4. Gail Simone is doing well as a writer of mainstream comics. Caitlin Kiernan has written some cool stuff for Vertigo (DC’s ‘mature readers’ imprint). And Jill Thompson has written some stuff as well as illustrating. But yeah, it’s massively male dominated amongst writers of mainstream books. Interestingly, women are relatively prominent in comics editing as well as illustrating.

  5. The first one that comes to mind is Castle Waiting. I’m just going to crib from the Publisher’s Weekly review and call it “a modern, feminist Chaucer for happy people” (two volumes so far, here’s the first:

    If you’re willing to accept webcomics, there’s

    * Gunnerkrigg Court ( The art’s kind of rough at the beginning, but stick with it (that page links to the current strip, so if you’re iffy on the art, just look at how good it gets).

    * Cat and Girl (

    * And everybody knows about Kate Beaton ( , right?

  6. All fine stuff, although pretty mainstream-heavy. For more in that vein I’d definitely second Gail Simone. For more great female comix artists, see Diane Noomin’s ‘Twisted Sisters’ and ‘Twisted Sisters 2’ (Kitchen Sink Press). Particular favorites from those volumes are Mary Fleener, Carol Lay, and Aline Kominsky-Crumb. I’d also add Roberta Gregory. Also a bit funny to mention later-period Alan Moore without adding Melinda Gebbie, his wife and collaborator on the, uh, slightly controversial ‘Lost Girls’.

  7. Daniel, I don’t think it’s funny to mention Alan Moore without mentioning Melinda Gebbie, insofar as it isn’t funny to mention someone without mentioning their partner. I was mentioning Moore in the context of recommending Promethea, which as far as I know Gebbie wasn’t involved with. I most definitely was *not* recommending “Lost Girls” – a comic which I hate with the level of passion I usually reserve for cockroaches and paper cuts.

  8. Though not without some problems w.r.t. to gender, any Wonder Woman comics published before 1948 were written or plotted by William Moulton Marston, Ph.D., a gynocentric feminist, and for the most part they are a sort of propaganda for the sort of matriarchal, love-not-war society he favored.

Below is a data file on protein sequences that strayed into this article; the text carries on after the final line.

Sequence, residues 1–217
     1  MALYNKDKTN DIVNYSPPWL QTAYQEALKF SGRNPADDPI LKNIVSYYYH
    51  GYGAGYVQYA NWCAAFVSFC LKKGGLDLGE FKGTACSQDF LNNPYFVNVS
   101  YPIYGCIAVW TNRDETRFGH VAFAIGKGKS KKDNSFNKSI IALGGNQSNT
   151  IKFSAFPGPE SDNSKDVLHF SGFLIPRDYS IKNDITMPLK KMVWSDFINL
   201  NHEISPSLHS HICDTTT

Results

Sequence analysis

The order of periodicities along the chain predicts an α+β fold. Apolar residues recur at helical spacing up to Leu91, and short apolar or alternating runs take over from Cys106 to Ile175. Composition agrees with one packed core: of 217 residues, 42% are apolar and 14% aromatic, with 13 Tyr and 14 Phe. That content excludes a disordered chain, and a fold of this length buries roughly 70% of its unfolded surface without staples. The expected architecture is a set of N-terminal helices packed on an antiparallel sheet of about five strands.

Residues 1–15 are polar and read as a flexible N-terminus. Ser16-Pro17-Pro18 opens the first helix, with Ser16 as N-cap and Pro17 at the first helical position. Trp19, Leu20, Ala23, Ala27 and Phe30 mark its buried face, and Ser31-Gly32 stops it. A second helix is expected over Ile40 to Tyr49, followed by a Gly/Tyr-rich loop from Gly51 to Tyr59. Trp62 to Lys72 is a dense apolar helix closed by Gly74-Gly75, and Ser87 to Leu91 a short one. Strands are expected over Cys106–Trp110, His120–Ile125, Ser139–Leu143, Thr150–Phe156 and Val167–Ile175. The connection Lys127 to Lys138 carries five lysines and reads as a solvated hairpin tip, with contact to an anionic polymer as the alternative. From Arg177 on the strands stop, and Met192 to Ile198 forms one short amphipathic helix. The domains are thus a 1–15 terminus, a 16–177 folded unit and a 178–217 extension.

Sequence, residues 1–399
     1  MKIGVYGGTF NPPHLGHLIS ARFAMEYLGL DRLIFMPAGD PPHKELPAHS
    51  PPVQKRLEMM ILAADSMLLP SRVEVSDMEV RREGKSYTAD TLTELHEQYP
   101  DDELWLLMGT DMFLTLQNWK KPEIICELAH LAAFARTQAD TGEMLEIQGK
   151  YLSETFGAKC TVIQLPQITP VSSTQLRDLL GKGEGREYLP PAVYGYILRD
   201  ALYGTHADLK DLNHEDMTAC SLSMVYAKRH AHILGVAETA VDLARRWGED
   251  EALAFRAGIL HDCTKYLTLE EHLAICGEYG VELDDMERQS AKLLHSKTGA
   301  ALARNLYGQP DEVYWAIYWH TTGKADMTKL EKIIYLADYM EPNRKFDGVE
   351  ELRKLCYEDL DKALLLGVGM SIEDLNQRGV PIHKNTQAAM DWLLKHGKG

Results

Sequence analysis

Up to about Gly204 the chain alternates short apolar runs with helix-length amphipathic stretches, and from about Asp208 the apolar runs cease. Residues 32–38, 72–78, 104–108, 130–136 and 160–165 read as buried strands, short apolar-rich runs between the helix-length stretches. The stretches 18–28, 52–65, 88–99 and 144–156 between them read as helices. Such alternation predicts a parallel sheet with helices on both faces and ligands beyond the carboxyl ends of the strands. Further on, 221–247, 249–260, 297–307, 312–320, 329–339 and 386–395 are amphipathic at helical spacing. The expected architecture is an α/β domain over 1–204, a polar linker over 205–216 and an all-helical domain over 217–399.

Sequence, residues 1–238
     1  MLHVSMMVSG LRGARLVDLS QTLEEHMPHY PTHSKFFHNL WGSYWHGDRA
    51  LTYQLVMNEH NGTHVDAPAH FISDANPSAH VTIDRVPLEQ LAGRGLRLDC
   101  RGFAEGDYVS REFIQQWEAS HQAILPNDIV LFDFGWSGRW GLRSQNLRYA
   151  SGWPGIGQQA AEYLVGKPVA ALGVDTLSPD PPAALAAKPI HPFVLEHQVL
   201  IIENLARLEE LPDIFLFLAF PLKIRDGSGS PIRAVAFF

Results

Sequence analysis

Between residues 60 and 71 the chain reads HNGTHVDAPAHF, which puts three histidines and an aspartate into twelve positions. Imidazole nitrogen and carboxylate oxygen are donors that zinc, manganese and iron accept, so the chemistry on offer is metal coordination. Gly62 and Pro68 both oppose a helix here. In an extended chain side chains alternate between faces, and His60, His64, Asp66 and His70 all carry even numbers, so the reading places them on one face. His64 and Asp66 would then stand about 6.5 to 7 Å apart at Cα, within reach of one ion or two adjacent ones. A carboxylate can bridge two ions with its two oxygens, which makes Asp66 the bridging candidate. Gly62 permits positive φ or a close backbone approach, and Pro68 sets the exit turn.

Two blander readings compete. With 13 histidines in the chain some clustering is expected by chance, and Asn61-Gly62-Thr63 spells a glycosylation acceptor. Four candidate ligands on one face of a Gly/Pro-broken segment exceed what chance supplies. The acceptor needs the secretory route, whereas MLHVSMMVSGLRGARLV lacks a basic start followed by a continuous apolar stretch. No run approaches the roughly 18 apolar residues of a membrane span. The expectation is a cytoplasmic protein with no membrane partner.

9. Forgive me for adding my wife’s book in here, but it’s a book about women and women’s issues, by a woman.

    It’s called Unterzakhn, from and you can read the GN copy here:

    Unterzakhn (Yiddish for “Underthings”) tells the story of these sisters: as wide-eyed little girls absorbing the sights and sounds of a neighborhood of struggling immigrants; as teenagers taking their own tentative steps into the wider world (Esther working for a woman who runs both a burlesque theater and a whorehouse, Fanya for an obstetrician who also performs illegal abortions); and, finally, as adults battling for their own piece of the “golden land,” where the difference between just barely surviving and triumphantly succeeding involves, for each of them, painful decisions that may have tragic repercussions.

  10. I’ve used both Persepolis and Batwoman for my first-year seminar “Thinking through the graphic novel.” Persepolis went over particularly well. From looking at a cross-section of student papers for each, what mattered was seeing a strong, believable woman carry a storyline — no white-horsed Prince Deusexmachina necessary. Also, neither character makes much sense apart from her personal and familial relationships: relationships we easily recognize as variations on our own.
    I can also vouch for Promethea and Death (mentioned in a comment above) as worth your consideration.

  11. A verbal thing: I know of several of these, and have given copies to friends. I am surprised to see them described as “comics,” and I wonder if S. Wallerstein, who started the controversy by declaring comics weren’t literature, would have thought these were examples of what he meant by “comics”.

  12. I imagine s.wallerstein would have to check them out, to be able to respond.